Usually this time of year, as the weather warms up and the birds start singing in the mornings again, I feel a push to suddenly go forward and create things. I imagine snow melting — I have never lived in a place where snow was a constant for the winter, but I hear there are places where spring is signified this way, and suddenly I want to write. Only this year, I spent the winter months writing, which means I’m facing spring with a satisfied sense of accomplishment.
Was it the hurricane? This entire winter has been colored by Sandy. My neighborhood still has many empty houses and storefronts, in a town whose many small businesses were already hit hard by the weak economy. The weather was mild this year, but even so, it felt particularly arctic as I passed houses that had no heat, as I walked by empty doors and driveways and wondered which FEMA funded hotel the owners were living in, their entire lives rearranged by four hours of a single high tide. We were close to disaster, merely a block away from the height of the water, but as I walk down ghostly streets, I can’t feel anything but my good luck. This is a big change from how I normally go through winter. Normally I am doing my best to just survive and function. Leaving my house to do the grocery shopping is a moral triumph. The cold feels like a personal attack, my own Mount Everest to climb. Trying to create on top of that often seems impossible and I get lazy and out of shape.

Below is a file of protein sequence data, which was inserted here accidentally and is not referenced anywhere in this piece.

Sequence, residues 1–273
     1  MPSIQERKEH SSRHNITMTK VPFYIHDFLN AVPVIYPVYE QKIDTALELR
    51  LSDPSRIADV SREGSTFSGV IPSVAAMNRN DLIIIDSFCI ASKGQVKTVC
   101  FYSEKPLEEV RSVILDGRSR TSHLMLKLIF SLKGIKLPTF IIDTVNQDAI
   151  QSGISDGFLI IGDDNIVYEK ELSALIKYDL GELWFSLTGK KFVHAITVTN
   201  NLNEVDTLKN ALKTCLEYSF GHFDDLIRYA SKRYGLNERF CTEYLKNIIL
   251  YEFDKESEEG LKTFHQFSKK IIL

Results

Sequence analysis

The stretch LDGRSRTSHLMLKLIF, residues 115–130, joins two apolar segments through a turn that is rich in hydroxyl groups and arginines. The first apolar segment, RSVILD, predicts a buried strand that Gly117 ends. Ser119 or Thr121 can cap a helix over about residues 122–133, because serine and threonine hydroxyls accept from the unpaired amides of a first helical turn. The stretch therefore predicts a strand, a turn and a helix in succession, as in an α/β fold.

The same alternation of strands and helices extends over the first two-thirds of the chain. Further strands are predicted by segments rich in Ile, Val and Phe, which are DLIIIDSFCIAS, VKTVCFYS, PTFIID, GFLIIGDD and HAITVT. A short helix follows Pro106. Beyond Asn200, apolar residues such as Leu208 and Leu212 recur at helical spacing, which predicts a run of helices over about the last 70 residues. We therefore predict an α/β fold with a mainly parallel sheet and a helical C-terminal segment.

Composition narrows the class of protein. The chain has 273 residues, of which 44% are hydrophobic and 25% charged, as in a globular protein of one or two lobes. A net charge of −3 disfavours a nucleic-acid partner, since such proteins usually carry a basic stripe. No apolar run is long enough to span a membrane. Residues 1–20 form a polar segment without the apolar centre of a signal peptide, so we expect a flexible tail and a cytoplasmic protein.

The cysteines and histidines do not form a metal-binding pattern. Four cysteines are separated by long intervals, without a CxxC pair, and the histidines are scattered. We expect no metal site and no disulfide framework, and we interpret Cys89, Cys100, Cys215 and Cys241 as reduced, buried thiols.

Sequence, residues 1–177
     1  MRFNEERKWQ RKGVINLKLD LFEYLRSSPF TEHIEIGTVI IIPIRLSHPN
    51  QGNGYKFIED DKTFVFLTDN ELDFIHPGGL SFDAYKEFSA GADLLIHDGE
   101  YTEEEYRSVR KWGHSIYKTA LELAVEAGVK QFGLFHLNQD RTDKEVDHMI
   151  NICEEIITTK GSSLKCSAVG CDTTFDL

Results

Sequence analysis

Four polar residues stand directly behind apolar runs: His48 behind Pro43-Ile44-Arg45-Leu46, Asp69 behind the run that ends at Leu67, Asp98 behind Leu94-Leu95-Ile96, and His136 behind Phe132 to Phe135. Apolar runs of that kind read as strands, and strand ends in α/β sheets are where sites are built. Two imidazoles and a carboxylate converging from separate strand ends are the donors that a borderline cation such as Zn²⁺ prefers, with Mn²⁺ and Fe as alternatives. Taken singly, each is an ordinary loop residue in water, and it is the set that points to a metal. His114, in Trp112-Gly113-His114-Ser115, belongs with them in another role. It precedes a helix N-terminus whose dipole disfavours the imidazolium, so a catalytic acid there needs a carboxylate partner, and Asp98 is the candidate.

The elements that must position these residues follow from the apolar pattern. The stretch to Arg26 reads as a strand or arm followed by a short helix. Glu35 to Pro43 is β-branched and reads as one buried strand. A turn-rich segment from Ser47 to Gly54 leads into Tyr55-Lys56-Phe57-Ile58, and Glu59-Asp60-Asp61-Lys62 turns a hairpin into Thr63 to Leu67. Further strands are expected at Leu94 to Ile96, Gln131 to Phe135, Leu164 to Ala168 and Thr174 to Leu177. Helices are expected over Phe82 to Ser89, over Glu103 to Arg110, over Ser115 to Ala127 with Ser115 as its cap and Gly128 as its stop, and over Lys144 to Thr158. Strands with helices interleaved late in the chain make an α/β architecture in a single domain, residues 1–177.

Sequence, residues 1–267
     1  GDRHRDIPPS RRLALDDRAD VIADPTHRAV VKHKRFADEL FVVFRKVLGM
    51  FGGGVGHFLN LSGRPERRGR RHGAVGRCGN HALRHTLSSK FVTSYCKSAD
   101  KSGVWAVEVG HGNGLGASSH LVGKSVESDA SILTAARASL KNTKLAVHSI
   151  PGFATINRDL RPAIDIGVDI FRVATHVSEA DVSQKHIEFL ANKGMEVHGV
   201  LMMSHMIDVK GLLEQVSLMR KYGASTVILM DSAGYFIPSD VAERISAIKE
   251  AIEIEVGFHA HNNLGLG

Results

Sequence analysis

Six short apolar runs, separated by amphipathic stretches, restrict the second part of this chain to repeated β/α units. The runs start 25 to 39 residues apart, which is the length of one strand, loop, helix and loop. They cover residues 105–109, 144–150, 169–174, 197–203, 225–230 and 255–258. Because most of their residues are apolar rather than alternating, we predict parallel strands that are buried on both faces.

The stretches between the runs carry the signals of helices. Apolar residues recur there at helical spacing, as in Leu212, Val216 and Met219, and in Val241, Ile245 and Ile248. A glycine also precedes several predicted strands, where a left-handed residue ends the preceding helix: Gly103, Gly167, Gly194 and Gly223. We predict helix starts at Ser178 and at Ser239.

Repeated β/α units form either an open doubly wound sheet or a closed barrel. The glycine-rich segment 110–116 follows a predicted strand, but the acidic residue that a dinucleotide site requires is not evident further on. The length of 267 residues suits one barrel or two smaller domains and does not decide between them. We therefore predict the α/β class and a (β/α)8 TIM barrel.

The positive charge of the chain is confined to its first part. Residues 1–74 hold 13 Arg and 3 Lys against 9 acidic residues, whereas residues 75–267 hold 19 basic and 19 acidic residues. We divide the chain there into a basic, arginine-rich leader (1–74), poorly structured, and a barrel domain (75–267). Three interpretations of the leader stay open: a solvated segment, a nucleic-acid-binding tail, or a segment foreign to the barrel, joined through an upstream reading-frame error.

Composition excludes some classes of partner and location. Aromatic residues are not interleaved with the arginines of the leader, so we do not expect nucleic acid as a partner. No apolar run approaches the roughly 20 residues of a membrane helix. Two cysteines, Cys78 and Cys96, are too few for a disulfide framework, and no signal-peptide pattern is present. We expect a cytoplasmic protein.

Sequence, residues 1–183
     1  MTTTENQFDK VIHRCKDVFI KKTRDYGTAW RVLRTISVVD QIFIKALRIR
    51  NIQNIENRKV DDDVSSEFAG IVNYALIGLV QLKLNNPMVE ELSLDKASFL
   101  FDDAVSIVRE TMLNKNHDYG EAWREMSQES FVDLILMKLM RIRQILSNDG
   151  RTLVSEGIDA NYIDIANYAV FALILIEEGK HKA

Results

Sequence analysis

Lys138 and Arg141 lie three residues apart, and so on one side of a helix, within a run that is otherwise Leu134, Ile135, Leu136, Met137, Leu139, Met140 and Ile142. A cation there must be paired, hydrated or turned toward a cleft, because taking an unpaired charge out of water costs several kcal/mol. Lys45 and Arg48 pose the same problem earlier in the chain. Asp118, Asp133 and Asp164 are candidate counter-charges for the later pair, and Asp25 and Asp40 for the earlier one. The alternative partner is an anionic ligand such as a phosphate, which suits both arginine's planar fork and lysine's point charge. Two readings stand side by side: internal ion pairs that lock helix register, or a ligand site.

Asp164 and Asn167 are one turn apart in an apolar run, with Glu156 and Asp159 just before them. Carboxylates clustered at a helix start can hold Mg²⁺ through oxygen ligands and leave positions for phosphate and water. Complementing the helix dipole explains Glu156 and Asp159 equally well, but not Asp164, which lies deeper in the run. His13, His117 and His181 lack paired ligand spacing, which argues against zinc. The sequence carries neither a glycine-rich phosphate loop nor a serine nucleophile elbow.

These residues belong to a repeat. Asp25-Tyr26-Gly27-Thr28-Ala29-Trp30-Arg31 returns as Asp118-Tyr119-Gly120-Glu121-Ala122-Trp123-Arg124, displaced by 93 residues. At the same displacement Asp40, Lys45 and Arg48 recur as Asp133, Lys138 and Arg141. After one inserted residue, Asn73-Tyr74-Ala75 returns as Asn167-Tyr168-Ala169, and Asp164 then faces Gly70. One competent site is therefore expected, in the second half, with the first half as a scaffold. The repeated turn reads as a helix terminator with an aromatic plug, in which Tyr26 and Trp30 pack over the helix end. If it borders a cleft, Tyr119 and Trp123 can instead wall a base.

But this year, I’ve had a constant reminder of how much worse the winter could be. My very constant gratitude has given me an energy I don’t usually have from November to March. I’ve been deeply immersed in a large writing project. It is the largest project that I have ever attempted and I am further along with it than I ever would have imagined I would be. I’ve written over 60,000 words of historical fiction this winter, mostly scribbled on my train commute, and well over half of which is background that will never be shown to everyone else. But it’s let me delve deeper into my characters, to know them better than I think I have ever known any others. When I close my eyes at night, I see their faces and watch them interact. When I wake in the morning, they are so real to me that I sometimes am confused between which life is truly mine; is it the world they’re living in or the one where I get up and get dressed and do all the other things that are required of me in a day? They are waiting for their story to be fully told and this time I am finding their demands irresistible. They have, after all, been with me for the better part of two years now, in imagining and exploration. Now that they’re actually hitting digital paper, their voices are just getting stronger.
The storm didn’t touch us, but it did. It is everywhere I look, it is as unignorable as my characters have become. It was, in many ways, like a forest fire. It destroyed so much that was valuable and worthy, but it also left room for growth. And now it is spring, the time for things to blossom. It is time to finish the first draft, to explore my secondary characters, to finish etching out my subplots. It is time to create with a purpose.